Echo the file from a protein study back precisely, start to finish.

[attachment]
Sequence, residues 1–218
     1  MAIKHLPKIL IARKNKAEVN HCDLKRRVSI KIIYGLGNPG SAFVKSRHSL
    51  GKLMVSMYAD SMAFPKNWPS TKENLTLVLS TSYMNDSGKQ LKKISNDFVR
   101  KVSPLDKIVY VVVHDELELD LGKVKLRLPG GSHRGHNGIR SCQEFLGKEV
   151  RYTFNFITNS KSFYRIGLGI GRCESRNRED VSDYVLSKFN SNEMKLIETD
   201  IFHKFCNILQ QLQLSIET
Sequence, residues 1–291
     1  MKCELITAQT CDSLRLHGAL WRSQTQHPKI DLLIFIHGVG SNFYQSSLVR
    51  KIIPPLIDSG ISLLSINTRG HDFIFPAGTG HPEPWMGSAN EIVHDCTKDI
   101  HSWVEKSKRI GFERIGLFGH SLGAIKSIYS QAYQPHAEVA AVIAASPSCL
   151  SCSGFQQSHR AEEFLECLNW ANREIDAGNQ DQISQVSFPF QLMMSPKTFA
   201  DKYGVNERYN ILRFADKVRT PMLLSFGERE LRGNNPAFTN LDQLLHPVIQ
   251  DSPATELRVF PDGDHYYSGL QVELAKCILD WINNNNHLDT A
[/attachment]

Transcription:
Sequence, residues 1–218
     1  MAIKHLPKIL IARKNKAEVN HCDLKRRVSI KIIYGLGNPG SAFVKSRHSL
    51  GKLMVSMYAD SMAFPKNWPS TKENLTLVLS TSYMNDSGKQ LKKISNDFVR
   101  KVSPLDKIVY VVVHDELELD LGKVKLRLPG GSHRGHNGIR SCQEFLGKEV
   151  RYTFNFITNS KSFYRIGLGI GRCESRNRED VSDYVLSKFN SNEMKLIETD
   201  IFHKFCNILQ QLQLSIET
Sequence, residues 1–291
     1  MKCELITAQT CDSLRLHGAL WRSQTQHPKI DLLIFIHGVG SNFYQSSLVR
    51  KIIPPLIDSG ISLLSINTRG HDFIFPAGTG HPEPWMGSAN EIVHDCTKDI
   101  HSWVEKSKRI GFERIGLFGH SLGAIKSIYS QAYQPHAEVA AVIAASPSCL
   151  SCSGFQQSHR AEEFLECLNW ANREIDAGNQ DQISQVSFPF QLMMSPKTFA
   201  DKYGVNERYN ILRFADKVRT PMLLSFGERE LRGNNPAFTN LDQLLHPVIQ
   251  DSPATELRVF PDGDHYYSGL QVELAKCILD WINNNNHLDT A